Leading Stories

by Ashlyn Adams

The University of West Florida, in conjunction with Christians United For Israel, welcomed Holocaust survivor Irving Roth to speak.

By 5:30 p.m., nearly every seat was taken by people young and old, from college students to Christians to Jewish rabbis. 

Roth, despite being 90 years old, spoke with energy and enthusiasm, highlighting the atrocities to which he was subjected during WWII along with the struggles he sees Jewish people facing today.

Irving Roth speaks with an audience at UWF.

He relived his idyllic childhood growing up in what was then Czechoslovakia, often smiling fondly at his memories. However, by the summer of 1939, everything began to change for Roth.  

“Suddenly, there are rules that I must obey,” Roth said. “I can’t go into the park. I, a 10-year-old, can’t go into the park because I am a Jew.”

The small rules turned into bigger ones, such as Roth being forced to wear a yellow star, until eventually, his family couldn’t even own their business. 

Eventually, Roth and his family were transported to a concentration camp in cattle cars carrying 4,000 people. About 3,700 people, including his beloved grandparents, were taken straight to the gas chambers upon arrival. 

Roth and his brother, deemed young and healthy enough, were both used as farmworkers in extremely harsh conditions, living on what resembled coffee and one piece of bread totaling a daily intake of 350 calories. At one point, Roth weighed less than 80 pounds. 

Through it all, Roth kept survival at the forefront of his mind. During a death march in 1945, Roth’s brother reminded him that survival was not about the physical.

“You march,” Roth said. “Guards on both sides, with guns. If you slow down, you’re dead. But I want to live. I complain to my brother who is marching beside me. I say that I am tired, I am cold, I am hungry. He says, ‘Stop thinking so much of physical existence, and become spiritual.’”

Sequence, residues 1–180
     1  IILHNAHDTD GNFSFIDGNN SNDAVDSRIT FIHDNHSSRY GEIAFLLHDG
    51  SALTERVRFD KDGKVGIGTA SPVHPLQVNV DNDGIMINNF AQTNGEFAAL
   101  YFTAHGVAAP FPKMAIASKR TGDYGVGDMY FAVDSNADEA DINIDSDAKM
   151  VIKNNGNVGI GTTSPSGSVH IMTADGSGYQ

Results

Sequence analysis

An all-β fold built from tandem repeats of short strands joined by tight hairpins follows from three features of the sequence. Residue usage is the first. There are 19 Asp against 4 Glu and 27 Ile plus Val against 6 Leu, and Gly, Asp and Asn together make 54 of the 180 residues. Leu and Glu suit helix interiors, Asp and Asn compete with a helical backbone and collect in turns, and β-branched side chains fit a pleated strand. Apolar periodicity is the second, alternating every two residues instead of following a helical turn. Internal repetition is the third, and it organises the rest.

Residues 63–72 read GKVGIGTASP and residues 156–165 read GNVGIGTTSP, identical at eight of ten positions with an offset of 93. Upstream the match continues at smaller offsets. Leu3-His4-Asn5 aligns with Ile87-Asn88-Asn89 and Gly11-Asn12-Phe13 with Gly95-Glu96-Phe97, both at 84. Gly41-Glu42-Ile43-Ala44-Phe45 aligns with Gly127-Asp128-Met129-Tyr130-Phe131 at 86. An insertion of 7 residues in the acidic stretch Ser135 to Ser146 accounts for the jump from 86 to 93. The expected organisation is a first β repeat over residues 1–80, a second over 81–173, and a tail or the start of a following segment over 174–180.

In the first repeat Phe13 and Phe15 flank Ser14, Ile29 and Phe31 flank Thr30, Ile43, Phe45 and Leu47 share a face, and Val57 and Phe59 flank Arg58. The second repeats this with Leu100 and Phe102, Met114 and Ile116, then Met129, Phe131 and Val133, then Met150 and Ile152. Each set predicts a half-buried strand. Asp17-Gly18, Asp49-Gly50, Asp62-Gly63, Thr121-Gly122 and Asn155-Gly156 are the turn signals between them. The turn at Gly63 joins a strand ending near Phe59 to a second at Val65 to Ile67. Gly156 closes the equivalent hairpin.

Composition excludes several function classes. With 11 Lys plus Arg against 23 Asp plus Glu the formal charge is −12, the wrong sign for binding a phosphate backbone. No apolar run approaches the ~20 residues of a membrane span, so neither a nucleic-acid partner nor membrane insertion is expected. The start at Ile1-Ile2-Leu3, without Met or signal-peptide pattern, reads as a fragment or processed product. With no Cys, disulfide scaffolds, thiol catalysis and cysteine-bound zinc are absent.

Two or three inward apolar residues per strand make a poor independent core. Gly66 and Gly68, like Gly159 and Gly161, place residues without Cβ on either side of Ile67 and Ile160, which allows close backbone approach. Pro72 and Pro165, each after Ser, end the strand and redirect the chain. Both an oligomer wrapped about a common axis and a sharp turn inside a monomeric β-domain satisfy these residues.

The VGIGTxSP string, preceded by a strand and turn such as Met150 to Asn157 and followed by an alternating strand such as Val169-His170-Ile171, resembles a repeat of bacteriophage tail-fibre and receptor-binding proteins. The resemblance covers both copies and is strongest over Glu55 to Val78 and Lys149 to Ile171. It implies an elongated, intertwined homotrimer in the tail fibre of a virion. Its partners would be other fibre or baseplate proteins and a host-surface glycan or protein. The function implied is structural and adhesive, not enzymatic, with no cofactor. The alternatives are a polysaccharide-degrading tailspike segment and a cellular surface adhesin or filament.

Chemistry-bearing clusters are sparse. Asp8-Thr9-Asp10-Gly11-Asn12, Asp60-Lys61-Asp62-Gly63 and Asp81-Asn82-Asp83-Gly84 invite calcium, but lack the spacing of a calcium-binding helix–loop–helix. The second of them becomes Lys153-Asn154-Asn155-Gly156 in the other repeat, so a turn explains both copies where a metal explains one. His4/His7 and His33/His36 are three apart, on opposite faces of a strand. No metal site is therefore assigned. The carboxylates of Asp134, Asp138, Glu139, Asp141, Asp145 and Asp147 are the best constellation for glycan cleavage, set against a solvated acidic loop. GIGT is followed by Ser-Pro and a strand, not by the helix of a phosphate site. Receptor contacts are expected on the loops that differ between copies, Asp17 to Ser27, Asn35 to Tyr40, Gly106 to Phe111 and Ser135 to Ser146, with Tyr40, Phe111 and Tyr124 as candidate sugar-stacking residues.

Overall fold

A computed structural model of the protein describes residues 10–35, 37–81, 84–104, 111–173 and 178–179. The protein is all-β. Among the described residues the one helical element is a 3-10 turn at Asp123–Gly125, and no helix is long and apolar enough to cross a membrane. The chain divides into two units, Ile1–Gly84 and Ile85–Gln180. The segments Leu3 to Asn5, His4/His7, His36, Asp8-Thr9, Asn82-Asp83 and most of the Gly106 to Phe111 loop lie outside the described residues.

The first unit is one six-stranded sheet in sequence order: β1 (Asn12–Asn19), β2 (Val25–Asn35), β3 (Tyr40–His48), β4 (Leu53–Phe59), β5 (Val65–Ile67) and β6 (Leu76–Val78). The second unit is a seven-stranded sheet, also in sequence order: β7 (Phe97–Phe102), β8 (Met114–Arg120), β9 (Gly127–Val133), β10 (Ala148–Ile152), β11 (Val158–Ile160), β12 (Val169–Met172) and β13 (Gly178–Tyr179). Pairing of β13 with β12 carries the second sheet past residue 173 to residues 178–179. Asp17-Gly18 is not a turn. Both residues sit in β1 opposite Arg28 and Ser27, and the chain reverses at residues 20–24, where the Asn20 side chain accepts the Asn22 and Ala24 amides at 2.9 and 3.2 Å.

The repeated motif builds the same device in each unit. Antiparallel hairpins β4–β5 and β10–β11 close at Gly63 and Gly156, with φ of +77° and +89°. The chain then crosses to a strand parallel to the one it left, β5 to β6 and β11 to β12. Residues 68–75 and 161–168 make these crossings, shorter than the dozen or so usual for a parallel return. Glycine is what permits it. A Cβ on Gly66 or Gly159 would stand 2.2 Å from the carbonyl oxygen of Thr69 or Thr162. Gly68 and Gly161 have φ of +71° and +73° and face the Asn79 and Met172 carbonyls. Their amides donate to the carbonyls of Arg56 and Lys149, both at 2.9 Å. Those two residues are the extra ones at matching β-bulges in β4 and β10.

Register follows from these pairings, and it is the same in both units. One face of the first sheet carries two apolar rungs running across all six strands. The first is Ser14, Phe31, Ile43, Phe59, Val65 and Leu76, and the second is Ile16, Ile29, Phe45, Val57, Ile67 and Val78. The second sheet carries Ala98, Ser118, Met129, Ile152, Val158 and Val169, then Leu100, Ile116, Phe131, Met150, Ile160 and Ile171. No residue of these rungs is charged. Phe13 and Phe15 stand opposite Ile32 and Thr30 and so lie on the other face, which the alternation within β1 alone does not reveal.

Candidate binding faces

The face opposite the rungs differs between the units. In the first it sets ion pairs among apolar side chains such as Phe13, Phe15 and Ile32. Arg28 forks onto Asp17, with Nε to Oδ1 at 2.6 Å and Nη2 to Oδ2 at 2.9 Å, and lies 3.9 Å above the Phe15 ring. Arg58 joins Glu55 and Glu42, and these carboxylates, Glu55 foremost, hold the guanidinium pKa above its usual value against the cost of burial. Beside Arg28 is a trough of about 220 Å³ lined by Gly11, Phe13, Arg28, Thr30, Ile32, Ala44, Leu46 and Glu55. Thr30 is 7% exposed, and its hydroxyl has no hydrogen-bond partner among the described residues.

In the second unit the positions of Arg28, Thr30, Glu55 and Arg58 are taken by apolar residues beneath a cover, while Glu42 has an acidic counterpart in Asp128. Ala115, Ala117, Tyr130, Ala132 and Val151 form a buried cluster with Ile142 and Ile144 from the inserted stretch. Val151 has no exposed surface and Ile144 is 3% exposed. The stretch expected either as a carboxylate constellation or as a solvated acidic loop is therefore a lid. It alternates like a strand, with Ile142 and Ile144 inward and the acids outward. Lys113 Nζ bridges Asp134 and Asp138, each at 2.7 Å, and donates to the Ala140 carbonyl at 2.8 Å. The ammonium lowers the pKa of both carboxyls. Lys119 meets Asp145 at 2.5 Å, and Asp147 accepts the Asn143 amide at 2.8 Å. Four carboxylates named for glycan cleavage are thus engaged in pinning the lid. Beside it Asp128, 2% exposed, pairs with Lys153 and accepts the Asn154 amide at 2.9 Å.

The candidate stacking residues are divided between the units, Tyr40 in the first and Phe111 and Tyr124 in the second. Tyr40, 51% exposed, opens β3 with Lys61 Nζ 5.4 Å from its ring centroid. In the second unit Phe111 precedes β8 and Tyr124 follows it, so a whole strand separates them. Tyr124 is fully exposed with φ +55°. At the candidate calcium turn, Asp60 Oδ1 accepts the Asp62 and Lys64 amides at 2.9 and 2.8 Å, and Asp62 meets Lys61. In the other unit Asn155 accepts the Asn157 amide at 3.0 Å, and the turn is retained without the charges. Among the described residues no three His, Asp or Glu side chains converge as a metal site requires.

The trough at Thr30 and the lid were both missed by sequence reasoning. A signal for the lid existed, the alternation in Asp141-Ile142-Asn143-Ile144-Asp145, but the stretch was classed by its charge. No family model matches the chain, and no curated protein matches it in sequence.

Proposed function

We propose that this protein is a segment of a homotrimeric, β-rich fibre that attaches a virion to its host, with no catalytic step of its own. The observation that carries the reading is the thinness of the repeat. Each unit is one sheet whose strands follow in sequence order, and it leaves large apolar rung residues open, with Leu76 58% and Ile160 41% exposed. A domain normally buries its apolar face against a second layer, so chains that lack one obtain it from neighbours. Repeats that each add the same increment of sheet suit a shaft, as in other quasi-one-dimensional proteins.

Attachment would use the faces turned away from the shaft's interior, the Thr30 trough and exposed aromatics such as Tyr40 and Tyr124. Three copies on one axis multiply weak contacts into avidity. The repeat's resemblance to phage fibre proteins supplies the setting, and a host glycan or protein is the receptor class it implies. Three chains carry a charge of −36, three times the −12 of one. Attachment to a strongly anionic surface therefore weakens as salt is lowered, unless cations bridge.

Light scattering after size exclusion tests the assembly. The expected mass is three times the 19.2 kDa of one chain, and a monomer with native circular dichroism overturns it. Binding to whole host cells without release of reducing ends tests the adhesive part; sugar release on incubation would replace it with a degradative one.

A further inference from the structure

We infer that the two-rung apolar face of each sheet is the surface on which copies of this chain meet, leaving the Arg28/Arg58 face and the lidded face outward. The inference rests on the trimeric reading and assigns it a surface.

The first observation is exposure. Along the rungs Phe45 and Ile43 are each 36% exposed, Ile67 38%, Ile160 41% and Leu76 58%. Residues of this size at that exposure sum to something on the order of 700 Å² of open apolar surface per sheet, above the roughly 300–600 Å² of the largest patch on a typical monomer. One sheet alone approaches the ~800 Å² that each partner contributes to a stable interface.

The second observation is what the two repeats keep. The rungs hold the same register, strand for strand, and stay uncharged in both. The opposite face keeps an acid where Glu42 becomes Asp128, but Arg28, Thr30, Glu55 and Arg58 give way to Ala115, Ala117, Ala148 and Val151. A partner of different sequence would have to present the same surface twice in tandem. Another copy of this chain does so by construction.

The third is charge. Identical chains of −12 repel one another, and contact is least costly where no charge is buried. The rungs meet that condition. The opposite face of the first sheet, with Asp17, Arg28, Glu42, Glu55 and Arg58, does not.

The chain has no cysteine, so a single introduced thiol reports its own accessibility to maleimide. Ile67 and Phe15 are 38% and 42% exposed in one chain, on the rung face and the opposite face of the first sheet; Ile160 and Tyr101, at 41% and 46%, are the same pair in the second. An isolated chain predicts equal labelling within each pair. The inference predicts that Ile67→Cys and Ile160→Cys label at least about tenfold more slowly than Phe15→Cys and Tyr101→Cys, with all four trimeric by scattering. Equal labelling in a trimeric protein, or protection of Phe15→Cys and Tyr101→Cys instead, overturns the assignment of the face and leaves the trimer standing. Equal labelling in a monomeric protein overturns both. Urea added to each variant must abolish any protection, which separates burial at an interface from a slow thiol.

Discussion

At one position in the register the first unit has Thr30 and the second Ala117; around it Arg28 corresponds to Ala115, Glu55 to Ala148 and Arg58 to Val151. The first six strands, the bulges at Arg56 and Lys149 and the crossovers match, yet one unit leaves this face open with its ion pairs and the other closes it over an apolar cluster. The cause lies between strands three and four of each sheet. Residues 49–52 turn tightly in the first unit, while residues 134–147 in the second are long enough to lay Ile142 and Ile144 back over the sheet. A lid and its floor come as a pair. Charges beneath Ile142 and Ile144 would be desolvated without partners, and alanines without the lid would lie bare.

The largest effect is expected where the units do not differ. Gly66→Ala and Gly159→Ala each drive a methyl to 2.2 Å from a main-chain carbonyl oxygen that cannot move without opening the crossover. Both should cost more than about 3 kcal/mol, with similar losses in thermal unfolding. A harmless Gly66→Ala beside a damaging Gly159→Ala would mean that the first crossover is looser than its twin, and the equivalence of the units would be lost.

Roth said he did not know any prayers by heart, but his brother did. For three days and three nights, he marched beside his brother as he prayed. 

Roth was separated from his brother.

Eventually, Roth was rescued by American troops who gave him food, a real bed, and—best of all—chocolate.

He even told a comedic anecdote about an American soldier who gave him a carton of Camel cigarettes as a gift.

“I had never smoked, but I was cured very quickly because by the time I tried to smoke the third cigarette, I felt pretty sick.” Roth said. “After the second cigarette, it tastes like hell. I never smoked another cigarette in my life. But I did become a chocoholic.” 

Roth returned to his village, where he found that both of his parents had survived, thanks to a nurse who had taken them into her home while her Nazi son-in-law was away fighting in the war.

At the end of his lecture, Roth was open to questions from the audience, and he spoke of issues he sees with anti-Semitism today, stating that he feels like Jewish people are being demonized in the media, primarily through propaganda. 

The audience itself was diverse, but one member was particularly special. Molly Gross sat on the front row, and she was also a survivor of the Holocaust.

Gross was born in Poland and survived in a concentration camp for over two years. She and her daughter, like Roth, speak publicly about Gross’s experience during the Holocaust.

Roth and Gross took a photo together, and Roth gave Gross a copy of his book.

Molly Gross, left, and Irving Roth, right, pictured together on the UWF campus. Photo credit to Ryan Harrison.

Roth was partnered with Christians United For Israel, or CUFI, which has 8 million members across the globe. Their mission is to combat anti-Semitism everywhere—from college campuses to the nation’s capital.

Pastor Joey Rogers of Pace Assembly in Pace, Florida, spoke about the organization preceding Roth’s lecture.

“CUFI is the largest advocacy group for the nation of Israel,” Rogers said. “Many of the policies you’ve seen recently are a direct result of Christians United For Israel involved and engaged in those policy-making happenings. We’re thankful to represent.” 

Roth and the group plan on taking a trip to Poland, where travelers can visit the concentration camps with Roth as their guide. Roth plans to continue sharing his story and advocating for Israel as long as he is able, and he will do whatever he can to ensure that history does not repeat itself.